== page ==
Continue reading ‘A Time For Pragmatism’

G20: A Future We Deserve

The following was part of a press briefing at the US Climate Action Network Organized press conference in Pittsburgh, USA coinciding with the G-20 Summit.  International youth gathered together to voice concerns over the need to “green” the economic recovery of the planet–high on the agenda of the world leaders gathered there. Youth Press Advisory

Two years ago at the UN Climate negotiations in Bali, Indonesia, I happened to have the opportunity to attend as a member of the US youth delegation (because I was studying in the US). Upon arriving at the negotiations and after countless hours spent submitting our policy proposals to the UN Convention I realized that there is a growing and vibrant youth movement dedicated to the cause. These youth are actively trying to influence the negotiations. I became conscious of the fact that there were not any Indian youth in this growing international youth caucus present on the sidelines of the conference. I decided to introduce myself to the Indian Government negotiators as a “youth representative.” I was met with a cold and blank stare and then asked, “youth? Shouldn’t they have the same view as their elders?” I knew then that my life would never be the same again.

To be fair, I respect my elders and I know that there are many out there who are on the “far side of fifty” (age 50 that is) who have worked hard to make the world a better place. Generations have come and gone and nearly all of them have had a defining issue to tackle. My generation, labeled the “silent generation” by Thomas Friedman, is caught behind our computers and on facebook, having struggled to come to terms with the seemingly perfect world with an uncertain future of which we are not in control.Many in the climate movement are aware of the political deadlock between developed and developing nations over the issue of climate equity and historical emissions and responsibilities. Though we claim to be talking climate for the sake of future generations, nothing that we are doing is actually putting future generations in a better environment than that enjoyed by generations passed. So let’s get serious about generational equity because those in control sure aren’t.

While the climate crisis looms, we are currently consumed by a financial crisis that has gripped the planet.Just as financial institutions played with the public’s money, we are playing with the global commons that is our climate. We already know the impacts of unabated borrowing of money that does not exist. Can we play the same game with the lives of future generations as we borrow for our unsustainable growth today?

Global leaders are meeting at the summit in Pittsburgh and on the agenda is rebuilding the planet’s economy and hopefully, cooling down the planet. Let us turn this economic crisis into an opportunity of global proportions and usher a new era of genuine, sustainable development. I come from a young country—75% youth–that is facing many challenges. My own ancestral home in the desert sands of western Rajasthan only received electricity a year ago—electricity promised to my grandfather 25 years ago. Yet it is a land bursting with opportunity. Sure enough there is an army of youth in India that are ready to take that stand and that are dreaming of a clean, green country – one which will take this opportunity to build a green economy and support the growth of a green jobs movement. With 500 million people still in the dark, there are millions to be trained in sustainable energy enterprises alone. Let us not forget that this is a country that has half a million engineers graduating annually—a potentially potent force to engineer the country into the paragon of sustainable development.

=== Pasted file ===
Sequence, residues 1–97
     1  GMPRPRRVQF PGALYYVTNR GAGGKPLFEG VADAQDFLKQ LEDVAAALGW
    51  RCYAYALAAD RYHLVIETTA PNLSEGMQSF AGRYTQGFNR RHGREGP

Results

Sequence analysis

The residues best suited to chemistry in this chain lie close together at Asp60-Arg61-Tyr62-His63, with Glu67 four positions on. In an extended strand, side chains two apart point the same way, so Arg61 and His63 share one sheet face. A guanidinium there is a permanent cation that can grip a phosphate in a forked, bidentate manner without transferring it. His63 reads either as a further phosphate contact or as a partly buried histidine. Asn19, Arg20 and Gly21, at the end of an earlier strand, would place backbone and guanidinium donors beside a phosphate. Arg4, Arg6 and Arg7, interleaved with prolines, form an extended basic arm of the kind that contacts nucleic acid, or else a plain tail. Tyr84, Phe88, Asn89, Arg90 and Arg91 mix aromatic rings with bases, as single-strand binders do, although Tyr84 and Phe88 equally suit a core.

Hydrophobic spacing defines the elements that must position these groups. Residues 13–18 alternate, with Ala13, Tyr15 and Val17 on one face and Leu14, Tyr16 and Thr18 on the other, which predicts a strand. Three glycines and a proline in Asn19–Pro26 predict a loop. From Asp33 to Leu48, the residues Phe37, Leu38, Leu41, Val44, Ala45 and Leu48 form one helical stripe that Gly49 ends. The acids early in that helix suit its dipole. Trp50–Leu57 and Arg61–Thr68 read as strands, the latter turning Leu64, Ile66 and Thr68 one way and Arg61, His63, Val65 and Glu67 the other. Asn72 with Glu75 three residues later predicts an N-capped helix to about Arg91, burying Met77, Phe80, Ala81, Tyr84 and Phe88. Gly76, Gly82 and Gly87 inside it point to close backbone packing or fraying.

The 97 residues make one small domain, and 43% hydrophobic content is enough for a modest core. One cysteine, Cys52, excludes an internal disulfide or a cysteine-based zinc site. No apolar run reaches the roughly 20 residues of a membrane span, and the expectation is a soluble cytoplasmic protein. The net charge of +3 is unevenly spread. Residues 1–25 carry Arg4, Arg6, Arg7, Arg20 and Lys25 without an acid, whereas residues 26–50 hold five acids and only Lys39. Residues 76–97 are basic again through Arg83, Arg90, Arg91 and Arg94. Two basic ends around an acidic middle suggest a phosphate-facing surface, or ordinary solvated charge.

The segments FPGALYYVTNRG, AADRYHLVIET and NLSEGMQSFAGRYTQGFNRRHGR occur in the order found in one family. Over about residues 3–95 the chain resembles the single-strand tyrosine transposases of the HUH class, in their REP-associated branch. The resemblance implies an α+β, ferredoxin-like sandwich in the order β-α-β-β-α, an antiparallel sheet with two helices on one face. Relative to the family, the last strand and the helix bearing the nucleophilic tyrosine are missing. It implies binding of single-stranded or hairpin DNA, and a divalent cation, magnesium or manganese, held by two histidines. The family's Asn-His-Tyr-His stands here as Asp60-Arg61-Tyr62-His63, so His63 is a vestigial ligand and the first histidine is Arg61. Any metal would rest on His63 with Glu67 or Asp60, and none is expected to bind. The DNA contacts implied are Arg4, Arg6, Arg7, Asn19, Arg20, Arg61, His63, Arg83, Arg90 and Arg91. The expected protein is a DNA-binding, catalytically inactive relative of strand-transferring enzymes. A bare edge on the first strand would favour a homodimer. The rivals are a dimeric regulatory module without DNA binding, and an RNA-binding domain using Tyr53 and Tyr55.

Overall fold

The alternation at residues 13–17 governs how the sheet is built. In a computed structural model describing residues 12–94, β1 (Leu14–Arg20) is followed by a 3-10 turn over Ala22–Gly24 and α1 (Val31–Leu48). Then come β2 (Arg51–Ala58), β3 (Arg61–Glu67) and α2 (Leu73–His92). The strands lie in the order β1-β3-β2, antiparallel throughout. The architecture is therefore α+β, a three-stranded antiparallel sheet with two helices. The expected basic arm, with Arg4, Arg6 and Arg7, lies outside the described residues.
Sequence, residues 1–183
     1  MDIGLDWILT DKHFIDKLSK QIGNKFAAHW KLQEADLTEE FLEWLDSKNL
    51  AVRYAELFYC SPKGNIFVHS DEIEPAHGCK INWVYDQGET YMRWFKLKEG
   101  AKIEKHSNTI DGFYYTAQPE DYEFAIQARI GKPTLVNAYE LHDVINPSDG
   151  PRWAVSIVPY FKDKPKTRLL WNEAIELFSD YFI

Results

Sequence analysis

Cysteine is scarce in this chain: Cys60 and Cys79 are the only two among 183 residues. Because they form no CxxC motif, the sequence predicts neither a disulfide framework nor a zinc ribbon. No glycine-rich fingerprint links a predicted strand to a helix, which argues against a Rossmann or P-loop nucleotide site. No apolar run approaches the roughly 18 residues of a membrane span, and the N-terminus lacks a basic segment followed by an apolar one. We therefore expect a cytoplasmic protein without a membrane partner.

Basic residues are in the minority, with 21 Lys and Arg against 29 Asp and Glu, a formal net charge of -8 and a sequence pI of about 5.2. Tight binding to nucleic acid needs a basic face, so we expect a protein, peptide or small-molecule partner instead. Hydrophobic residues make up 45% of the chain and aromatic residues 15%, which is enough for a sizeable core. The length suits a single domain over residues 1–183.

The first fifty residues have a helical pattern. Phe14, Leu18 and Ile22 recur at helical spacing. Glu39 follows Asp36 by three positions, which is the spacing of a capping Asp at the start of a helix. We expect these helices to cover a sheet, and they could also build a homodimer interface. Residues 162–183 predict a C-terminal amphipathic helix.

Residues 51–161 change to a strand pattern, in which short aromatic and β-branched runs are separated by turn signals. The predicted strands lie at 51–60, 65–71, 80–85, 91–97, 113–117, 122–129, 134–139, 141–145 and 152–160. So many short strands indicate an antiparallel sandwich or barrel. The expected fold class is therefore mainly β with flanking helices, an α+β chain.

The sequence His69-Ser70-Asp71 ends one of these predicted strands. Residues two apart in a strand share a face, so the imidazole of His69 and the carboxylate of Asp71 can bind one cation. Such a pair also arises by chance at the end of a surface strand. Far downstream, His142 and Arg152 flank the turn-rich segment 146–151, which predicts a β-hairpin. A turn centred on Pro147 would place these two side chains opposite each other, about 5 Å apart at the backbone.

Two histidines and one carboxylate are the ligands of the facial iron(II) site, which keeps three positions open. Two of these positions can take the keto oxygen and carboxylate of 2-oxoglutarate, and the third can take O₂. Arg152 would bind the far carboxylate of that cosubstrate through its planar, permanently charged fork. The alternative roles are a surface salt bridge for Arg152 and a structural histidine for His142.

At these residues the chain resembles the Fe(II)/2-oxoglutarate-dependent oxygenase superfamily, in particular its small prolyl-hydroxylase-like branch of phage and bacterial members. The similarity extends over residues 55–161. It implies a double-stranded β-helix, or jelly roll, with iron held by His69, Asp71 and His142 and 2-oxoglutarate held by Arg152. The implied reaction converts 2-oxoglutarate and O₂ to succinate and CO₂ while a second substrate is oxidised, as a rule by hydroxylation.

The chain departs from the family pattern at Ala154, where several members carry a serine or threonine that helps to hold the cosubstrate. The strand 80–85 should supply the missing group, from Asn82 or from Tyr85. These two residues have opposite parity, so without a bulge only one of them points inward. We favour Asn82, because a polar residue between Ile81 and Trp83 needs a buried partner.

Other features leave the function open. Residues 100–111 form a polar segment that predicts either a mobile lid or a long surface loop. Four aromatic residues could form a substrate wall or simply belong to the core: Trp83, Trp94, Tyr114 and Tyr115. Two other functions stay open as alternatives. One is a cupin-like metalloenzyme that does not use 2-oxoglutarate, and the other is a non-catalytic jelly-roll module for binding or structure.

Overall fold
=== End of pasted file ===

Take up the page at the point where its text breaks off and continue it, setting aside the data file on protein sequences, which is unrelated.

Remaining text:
While youth are 48% of the global population they are not an official part of the negotiation process at the international level. Though many of us are silent, many more are launching revolutions to transform our local communities. I was transformed by my experience in Bali and knew that in the labyrinth process of the negotiations all sense of urgency—of our future—is lost. This hopelessness was transcended through the creation of the Indian Youth Climate Network (IYCN) which has grown in waves and caught the attention of young people, civil society, companies and the same government that questioned the role of youth on the topic two years ago. Similarly youth movements for the cause are rising across the planet—daring governments to break the deadlock. We envision a future which ensures the survival of all peoples and all nations. The debate is old and it is time for some fresh air. A bail-out for the planet is a bailout we will not regret.